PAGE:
Small Business Accounting 101

24 Terms You Need To Know

As a business, you know that receiving more money than you spend means that you have a successful business. On the other hand, you know that you must spend money to make money. How do you keep track of all your expenses and earning? The answer is accounting. Accounting can sound scary and confusing, but once you realize that is just a record of what you spend and what you receive it becomes a little bit simpler.

Accounting is important because it gives your business an idea of how much money it is making and how much it is using. It allows you to see where you can make improvements and keeps you responsible for the decisions you make. It is important for banks and for IRS tax purposes. You must be able to understand and discuss general accounting principles, even if you hire an accountant or use a computer program, because accounting and money are the language of business.

The most important part of accounting is understanding the vocabulary that comes along with it. Here a few key terms you should know to help you understand your accounting books.

  • Accounts payable – money your company owes outside suppliers for goods or services you have purchased using credit instead of cash
  • Accounts receivable – money owed to your company by customers who have paid using credit instead of cash
  • Balance Sheet – a financial statement of your company at a point in time. Your assets go on one side and your liabilities and capital go on the other, and the two sides must equal, or balance.
  • Cash – the spending potential of your company, could be in a checking account.
  • Cash flow – a measure of the amount of cash that comes into your business and the amount of cash that goes out of your business, it can be different from the profit of your business. A cash flow statement determines your current amount of cash.
  • Cost of Sales – the amount of money it takes to produce and sell your goods or products
  • Credit – an accounting entry that represents an increase
  • Current assets – Assets, like cash and inventory, which could be turned into cash within a year’s time
  • Debit – an accounting entry that represents a decrease
  • Depreciation – Using the amount that a large piece of equipment or building decreases in worth per year to account for its total cost over a length of time.
  • Dividend – the portion of after tax profits paid out to the owners of the business § Double Entry – a system of accounting where for every transaction, two entries are made into the balance sheet, generally a credit and a debit
  • Equity (Owner’s Equity) – the owner’s share of the business
  • Fixed assets – Assets, like equipment and buildings, which cannot quickly be turned into cash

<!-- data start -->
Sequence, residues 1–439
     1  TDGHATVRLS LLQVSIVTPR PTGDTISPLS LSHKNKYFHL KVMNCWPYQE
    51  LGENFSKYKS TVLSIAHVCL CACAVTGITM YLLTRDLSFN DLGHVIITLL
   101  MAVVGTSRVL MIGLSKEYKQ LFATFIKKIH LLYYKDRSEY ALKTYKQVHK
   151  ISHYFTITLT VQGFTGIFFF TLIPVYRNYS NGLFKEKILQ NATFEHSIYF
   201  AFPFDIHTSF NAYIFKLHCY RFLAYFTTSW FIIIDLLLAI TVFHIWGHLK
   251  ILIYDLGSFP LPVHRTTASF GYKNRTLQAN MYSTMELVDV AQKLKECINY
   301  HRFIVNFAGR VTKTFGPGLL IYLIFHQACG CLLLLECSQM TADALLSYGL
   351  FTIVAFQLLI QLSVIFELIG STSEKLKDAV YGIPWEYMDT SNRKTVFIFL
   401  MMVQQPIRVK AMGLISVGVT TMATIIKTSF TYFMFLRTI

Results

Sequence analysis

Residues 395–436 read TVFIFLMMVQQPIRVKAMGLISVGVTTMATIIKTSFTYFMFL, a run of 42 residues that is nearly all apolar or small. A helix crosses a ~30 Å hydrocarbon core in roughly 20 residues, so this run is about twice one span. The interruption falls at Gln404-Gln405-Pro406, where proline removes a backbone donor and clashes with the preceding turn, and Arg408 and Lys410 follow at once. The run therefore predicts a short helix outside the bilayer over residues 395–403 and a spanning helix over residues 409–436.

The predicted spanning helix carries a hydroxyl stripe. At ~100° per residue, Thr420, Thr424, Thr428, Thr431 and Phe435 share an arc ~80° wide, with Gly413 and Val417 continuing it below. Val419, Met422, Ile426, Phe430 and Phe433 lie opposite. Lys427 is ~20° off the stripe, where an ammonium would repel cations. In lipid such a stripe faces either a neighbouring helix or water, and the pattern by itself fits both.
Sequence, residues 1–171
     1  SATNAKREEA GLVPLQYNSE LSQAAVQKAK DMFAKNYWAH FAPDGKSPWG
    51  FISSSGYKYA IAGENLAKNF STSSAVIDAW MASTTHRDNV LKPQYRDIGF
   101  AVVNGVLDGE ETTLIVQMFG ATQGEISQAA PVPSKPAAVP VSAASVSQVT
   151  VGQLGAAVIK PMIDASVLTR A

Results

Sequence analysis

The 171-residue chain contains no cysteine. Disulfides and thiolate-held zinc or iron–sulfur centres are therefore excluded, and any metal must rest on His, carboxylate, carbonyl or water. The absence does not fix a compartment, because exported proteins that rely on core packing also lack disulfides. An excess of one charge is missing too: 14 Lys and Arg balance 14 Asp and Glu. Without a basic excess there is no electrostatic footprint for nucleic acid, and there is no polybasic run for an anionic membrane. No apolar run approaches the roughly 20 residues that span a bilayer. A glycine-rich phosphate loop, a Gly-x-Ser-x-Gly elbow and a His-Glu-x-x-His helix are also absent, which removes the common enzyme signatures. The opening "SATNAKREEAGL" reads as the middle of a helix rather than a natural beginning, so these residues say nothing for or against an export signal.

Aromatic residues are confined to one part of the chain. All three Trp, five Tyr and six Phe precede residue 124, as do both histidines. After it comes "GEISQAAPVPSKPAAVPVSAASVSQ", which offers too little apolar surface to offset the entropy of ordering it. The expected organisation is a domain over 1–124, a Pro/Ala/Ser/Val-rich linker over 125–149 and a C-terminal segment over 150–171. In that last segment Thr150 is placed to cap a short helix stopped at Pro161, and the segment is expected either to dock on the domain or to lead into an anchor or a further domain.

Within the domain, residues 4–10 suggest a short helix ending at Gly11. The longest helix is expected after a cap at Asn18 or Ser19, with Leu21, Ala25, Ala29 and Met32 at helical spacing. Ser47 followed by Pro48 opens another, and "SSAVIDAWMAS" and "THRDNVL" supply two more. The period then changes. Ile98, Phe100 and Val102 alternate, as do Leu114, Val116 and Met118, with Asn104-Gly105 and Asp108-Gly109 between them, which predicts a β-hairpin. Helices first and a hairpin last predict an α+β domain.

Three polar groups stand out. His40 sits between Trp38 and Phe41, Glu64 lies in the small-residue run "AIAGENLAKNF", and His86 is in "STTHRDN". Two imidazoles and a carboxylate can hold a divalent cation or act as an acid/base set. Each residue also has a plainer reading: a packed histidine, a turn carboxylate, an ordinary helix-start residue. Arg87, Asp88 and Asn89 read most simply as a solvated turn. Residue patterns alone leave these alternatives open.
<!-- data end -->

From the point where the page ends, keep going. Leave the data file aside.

• Fixed Costs – costs that do not change with your volume of business, for example: rent, interest, and salaries
  • General Ledger – a moment by moment account of all transactions by the business, today generally managed by a computer program
  • Gross Margin – your income minus your cost of sales
  • Income (Profit, Revenue) – the money you earn selling something, not always cash
  • Income Statement – a financial statement for your company over a period of time, determines your net profit
  • Interest – a charge paid regularly for the use of money lent until the debt is repaid
  • Inventory – the supply or stock of goods or products which your company intends to sell
  • Liabilities – amount of money owed by your company to others, includes accounts payable
  • Net Profit – your gross margin minus your fixed costs. Another way to look at it is your total assets minus your total liabilities.
  • Variable Costs – costs that change with your volume of sales, such as the amount of materials you need for your products.

Most people however, need to see examples to truly understand the ins and outs of accounting. There are many great resources out there to learn basic accounting. SmallbizU has an excellent, free online course. It takes roughly 30 minutes, but walks you through every step of the basics of accounting in a way that is easy to follow. It is in your best interest to go through this and to brush up on your accounting terminology and skills often.

You began your business to bring a product or service to your customers. You must generate income to be able to run your business and to take care of your own personal needs. The best way business thrive and help your invests last is to understand how you are spending your money and what your customers are buying. Good accounting is not only essential for tax purposes, but it provides you with a snapshot of your company so that you can study it and improve upon it.

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